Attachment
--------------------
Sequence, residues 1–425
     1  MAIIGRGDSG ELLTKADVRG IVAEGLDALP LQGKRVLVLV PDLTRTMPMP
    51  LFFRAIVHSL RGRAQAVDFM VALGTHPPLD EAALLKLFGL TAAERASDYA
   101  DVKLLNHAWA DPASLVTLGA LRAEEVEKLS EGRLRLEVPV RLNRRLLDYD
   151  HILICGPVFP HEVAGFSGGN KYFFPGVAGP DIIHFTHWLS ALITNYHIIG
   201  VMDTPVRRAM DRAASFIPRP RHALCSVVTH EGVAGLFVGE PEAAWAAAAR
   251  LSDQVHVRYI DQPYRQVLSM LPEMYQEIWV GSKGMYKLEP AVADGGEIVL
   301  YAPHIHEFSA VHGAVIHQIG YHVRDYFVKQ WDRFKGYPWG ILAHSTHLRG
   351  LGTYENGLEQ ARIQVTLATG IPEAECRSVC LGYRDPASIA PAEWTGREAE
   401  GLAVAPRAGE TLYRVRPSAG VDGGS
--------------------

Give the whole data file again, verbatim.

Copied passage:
Sequence, residues 1–425
     1  MAIIGRGDSG ELLTKADVRG IVAEGLDALP LQGKRVLVLV PDLTRTMPMP
    51  LFFRAIVHSL RGRAQAVDFM VALGTHPPLD EAALLKLFGL TAAERASDYA
   101  DVKLLNHAWA DPASLVTLGA LRAEEVEKLS EGRLRLEVPV RLNRRLLDYD
   151  HILICGPVFP HEVAGFSGGN KYFFPGVAGP DIIHFTHWLS ALITNYHIIG
   201  VMDTPVRRAM DRAASFIPRP RHALCSVVTH EGVAGLFVGE PEAAWAAAAR
   251  LSDQVHVRYI DQPYRQVLSM LPEMYQEIWV GSKGMYKLEP AVADGGEIVL
   301  YAPHIHEFSA VHGAVIHQIG YHVRDYFVKQ WDRFKGYPWG ILAHSTHLRG
   351  LGTYENGLEQ ARIQVTLATG IPEAECRSVC LGYRDPASIA PAEWTGREAE
   401  GLAVAPRAGE TLYRVRPSAG VDGGS